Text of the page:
Considering these new contributions, we can compare classical developmentalism and new developmentalism:

  • classical developmentalism’s main object are the pre-industrial countries, while for new developmentalism are the middle-income countries, which have already realized their industrial and capitalist revolution;

  • classical developmentalism didn’t count with a macroeconomics and reproduced post-Keynesian macroeconomics,24 while new developmentalism counts with its macroeconomics

  • classical developmentalism was based on the thesis of the infant industry and defended an import substitution strategy, while the new developmentalism assumes that middle-income countries are able and should export manufactured goods.25

  • classical developmentalism defended protection, while new developmentalism essentially demands the levelling of the playing field for the manufacturing industry - something that the market does not guarantee;

  • classical developmentalism defended an overvalued currency and high import taxes, while new developmentalism defends relatively open markets and a right or competitive exchange rate which can only be achieved with a low interest rate and, in countries exporting commodities, with a variable export tax on such commodities to neutralize the Dutch disease;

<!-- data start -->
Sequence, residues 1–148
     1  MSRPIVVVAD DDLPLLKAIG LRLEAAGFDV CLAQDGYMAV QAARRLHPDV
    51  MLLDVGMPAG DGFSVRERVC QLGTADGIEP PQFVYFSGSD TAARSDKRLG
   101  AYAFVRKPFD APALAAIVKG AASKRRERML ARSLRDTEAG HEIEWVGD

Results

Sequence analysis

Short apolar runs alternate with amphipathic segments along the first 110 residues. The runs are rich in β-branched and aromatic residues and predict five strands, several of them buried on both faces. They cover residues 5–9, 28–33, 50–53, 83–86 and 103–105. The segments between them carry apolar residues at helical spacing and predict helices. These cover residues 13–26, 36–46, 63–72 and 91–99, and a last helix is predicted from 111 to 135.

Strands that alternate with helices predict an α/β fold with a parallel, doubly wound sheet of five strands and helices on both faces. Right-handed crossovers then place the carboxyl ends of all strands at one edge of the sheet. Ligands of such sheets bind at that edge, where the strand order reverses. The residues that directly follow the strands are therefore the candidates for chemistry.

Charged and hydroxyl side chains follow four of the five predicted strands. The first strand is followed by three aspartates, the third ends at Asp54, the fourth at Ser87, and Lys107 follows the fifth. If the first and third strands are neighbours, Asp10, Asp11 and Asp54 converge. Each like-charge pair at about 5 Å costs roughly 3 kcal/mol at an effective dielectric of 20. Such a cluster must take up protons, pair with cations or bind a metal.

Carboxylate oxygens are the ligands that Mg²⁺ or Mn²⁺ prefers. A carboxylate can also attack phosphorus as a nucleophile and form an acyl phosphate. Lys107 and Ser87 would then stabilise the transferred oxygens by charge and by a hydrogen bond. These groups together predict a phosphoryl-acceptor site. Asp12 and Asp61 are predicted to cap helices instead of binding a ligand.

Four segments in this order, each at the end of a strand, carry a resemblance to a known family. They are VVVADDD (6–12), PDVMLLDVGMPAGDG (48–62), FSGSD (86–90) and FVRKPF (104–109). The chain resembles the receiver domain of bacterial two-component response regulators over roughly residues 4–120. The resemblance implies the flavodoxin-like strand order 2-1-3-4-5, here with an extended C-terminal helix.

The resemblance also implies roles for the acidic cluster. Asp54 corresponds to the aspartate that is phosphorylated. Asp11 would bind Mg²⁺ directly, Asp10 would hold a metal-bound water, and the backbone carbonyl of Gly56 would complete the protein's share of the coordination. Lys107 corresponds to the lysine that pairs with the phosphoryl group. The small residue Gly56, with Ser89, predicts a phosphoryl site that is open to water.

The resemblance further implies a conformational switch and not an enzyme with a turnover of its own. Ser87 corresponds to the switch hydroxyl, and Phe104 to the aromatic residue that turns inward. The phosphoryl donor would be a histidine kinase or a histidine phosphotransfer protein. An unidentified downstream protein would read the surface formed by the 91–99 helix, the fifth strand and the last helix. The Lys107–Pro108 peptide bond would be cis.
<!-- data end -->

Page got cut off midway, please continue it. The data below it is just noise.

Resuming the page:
• classical developmentalism defended the growth with foreign indebtedness policy, while new developmentalism rejects it and defends balanced or, when the country faces the Dutch disease, surplus current accounts;26

  • classical developmentalism defended the import substitution strategy, while new developmentalism defends growth based on the export of manufactured goods, and, so, the competitive integration in international markets;

  • classical developmentalism was skeptical about an exchange rate policy, preferring high tariffs,27 while new developmentalism has a theory on the determination of the exchange rate and gives to the exchange rate policy a major role in assuring equal conditions of competition to the national companies.

And we can compare the new developmental economics with post-Keynesian economics. Its macroeconomics, although based on post-Keynesian macroeconomics, has as distinctive traits:

  • the use of five macroeconomic prices;

  • the focus on the exchange rate and in the current account;

  • a new theory of the determination of the exchange rate;

  • the tendency to the cyclical and chronic overvaluation of the exchange rate, the long-term overvaluation been caused by a non-neutralized Dutch disease and the habitual policy of adopting a high long-term interest rate policy aiming to attract foreign capitals;

  • the critique of the growth with foreign indebtedness policy, which, instead of causing the increase of the rate of investment, causes a non-sustainable increase in the wages and in the revenues of rentier capitalists, and, consequently, in consumption.


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1Neoclassical economists naturally deny this fact while engaged in econometric testing, but the fact is that when the researches and the intrinsic instability of the capitalist system falsify their models, they claim that rejecting a logically coherent theory would be a “naive falsificationism” (Popper, 1934) and stay with it.